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Belleview Biltmore to stay put

A proposal to demolish the landmark Belleview Biltmore Resort & Spa for condominiums has died because developers could not win public support for the project, principals in the deal said Monday.

A hotel representative said the 19th-century resort will continue to operate. A developer said he hopes to rework and resubmit his plans for the site, which were not publicized but still angered large portions of the small waterside community.

Opened in 1897 and built by railroad tycoon Henry Plant, the Belleview is billed as the largest occupied wooden structure in the world and is one of Florida's few remaining historic hotels.

Traditionalists say it is one of the last remaining vestiges of an earlier Pinellas County.

Now it has won a reprieve, after negotiations recently broke down. One would-be developer said building the necessary public support was challenging because the hotel's owner in Pennsylvania insisted on secrecy.

Any future development "would have to be a part of a more public discussion," said Frank Maggio, president of First Dartmouth Homes and a partner in Belleair Redevelopment Group, the company that pushed the transformation. "For anybody who wants to be involved with a creative solution that makes the most people happy, it's going to require the public's help."

Richard Wilhelm, president of Belleview's management company, Trust Hotels, said the resort is readying for a strong 2005. Bookings are up 35 percent over last year, and the Belleview has completed nearly $10-million in capital improvements since 2003, he said.

"The ownership group is here to continue to operate a viable, first-class resort," Wilhelm said. "There are countless people in the past years who have come in and have had an interest in the property. But the resort has never been officially for sale. And we aren't pushing to sell it."

The current owners, a real estate investment group led by Scott Urdang, did not return telephone messages. Traditionally, they have said they do not discuss specific investments.

Maggio said the group's strict confidentiality requirements made public discussion almost impossible.

Maggio's First Dartmouth Homes and two other development companies _ Sun Vista Ventures of St. Petersburg and DeBartolo Development of Tampa _ formed Belleair Redevelopment Group to transform the 22-acre resort, a 136-acre golf course south of the resort, and a 1-acre Sand Key beach club.

That group announced it had a contract to purchase all three resort properties in November and intended to raze the resort, which turns 108 years old later this week, for condominiums.

But developers never submitted plans to the town, fueling speculation _ including a rumor that the resort would be demolished this month.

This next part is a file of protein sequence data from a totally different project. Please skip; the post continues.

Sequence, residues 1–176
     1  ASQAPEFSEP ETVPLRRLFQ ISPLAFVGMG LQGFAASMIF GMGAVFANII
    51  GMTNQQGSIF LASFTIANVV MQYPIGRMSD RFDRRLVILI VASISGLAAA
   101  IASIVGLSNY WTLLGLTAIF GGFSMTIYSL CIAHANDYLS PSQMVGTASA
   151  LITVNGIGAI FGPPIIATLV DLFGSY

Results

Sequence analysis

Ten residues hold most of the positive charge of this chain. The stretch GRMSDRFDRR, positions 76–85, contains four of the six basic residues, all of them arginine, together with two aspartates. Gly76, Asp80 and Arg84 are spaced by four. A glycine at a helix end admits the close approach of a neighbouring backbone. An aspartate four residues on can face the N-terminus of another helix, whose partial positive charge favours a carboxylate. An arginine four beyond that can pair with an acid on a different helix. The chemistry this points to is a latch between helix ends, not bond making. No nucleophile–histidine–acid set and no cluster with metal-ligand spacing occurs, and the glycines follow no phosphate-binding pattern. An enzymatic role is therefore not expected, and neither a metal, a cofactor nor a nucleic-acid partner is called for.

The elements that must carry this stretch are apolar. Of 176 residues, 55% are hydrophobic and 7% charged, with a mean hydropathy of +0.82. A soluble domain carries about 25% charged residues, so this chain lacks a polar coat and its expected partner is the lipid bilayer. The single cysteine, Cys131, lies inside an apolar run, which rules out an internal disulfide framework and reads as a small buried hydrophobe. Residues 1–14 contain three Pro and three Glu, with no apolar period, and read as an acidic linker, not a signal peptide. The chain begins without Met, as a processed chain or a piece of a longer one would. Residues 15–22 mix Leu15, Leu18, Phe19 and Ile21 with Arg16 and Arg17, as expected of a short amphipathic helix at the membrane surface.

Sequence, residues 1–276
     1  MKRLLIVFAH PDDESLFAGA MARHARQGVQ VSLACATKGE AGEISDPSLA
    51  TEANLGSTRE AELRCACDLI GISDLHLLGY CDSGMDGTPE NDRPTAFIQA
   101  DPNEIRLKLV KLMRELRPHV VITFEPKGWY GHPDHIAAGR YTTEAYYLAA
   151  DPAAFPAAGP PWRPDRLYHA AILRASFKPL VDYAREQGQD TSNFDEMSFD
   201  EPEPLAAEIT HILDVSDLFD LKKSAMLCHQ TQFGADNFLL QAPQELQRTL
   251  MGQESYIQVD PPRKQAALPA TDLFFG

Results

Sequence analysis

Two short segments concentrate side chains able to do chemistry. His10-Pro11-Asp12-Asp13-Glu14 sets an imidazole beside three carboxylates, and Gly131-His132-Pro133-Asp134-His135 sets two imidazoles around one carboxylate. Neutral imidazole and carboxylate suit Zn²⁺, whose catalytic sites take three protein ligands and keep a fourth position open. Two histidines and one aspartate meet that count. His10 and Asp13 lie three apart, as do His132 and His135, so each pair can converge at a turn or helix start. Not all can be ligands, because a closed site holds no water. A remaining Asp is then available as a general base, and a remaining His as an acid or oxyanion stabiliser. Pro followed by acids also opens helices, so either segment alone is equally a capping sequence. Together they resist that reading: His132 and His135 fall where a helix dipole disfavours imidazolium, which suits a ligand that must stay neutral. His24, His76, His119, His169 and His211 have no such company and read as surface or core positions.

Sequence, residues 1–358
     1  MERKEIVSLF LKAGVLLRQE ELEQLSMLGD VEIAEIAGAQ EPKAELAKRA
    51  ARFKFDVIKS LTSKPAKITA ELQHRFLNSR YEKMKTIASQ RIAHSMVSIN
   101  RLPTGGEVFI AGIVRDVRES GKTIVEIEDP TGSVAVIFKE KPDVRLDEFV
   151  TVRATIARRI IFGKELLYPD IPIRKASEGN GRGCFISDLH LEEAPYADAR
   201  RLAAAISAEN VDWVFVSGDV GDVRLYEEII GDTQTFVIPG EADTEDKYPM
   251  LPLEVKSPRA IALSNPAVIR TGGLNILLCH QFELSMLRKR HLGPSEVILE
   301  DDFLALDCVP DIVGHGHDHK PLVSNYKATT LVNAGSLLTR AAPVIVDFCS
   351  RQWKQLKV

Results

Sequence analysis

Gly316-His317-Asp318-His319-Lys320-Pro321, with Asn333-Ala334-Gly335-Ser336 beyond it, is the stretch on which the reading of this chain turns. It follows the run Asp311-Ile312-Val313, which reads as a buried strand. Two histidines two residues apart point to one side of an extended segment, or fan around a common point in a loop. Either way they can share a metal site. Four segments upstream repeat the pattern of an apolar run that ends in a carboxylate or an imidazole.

Maggio said Monday he met with some members of the adjacent, but not affiliated, Belleair Country Club last month and discussed a potential land swap that would have saved the original shell of the historic hotel.

Under that proposal, the original hotel would have been relocated west to the waterfront in exchange for some country club land, Maggio said.

"We were not able to flesh it out because of the contract obligations," Maggio said.

Country club officials said they met with developers but would not discuss details of the conversation. General manager Ed Shaughnessy did not return numerous calls seeking comment. Earlier he said the club would not deal away any portion of its two existing golf courses.

Maggio said developers remain interested in a deal. Ron Carpenter, a consultant and broker on the project, said another proposal likely will be forthcoming.

"The Biltmore properties are all trophies in their own regard with a lot of development potential," said Carpenter, with Tampa's Vinchenza Group. "Just because this group didn't bring their dream to reality this time, does not mean that it won't happen.

"The highest and best use of this property is not being utilized today," Carpenter said.

Some residents said they were excited the resort would be staying put, while some elected officials predicted more developers would come knocking.

Tom Shelly, president of the Belleair Civic Association, said the death of the redevelopment proposal is a victory for the town's residents.

Belleair Mayor George E. Mariani Jr. said it was frustrating not having answers. "We didn't know anything more than they did," Mariani said. "We couldn't tell rumor from truth, either."

Pinellas County Commissioner Ronnie Duncan said it would have been difficult to support the redevelopment effort as it was generally proposed. New to the commission, Duncan is head of a commercial real estate firm.

In 1995, his wedding reception was in the Belleview's Tiffany Ballroom.

"I have some sentimental alliance and allegiance to that place," Duncan said. "But I also think there's an opportunity there. The reality is that we're going to see another offer on the table to buy it."

Duncan believes a compromise can be struck.

"The Belleview Biltmore has historical significance and local support. You can use that as a marketing tool and blend that in to the overall project," Duncan said. "So long as it is truly maintained, it could be a positive opposed to a negative."

Aaron Sharockman can be reached at (727) 445-4160 or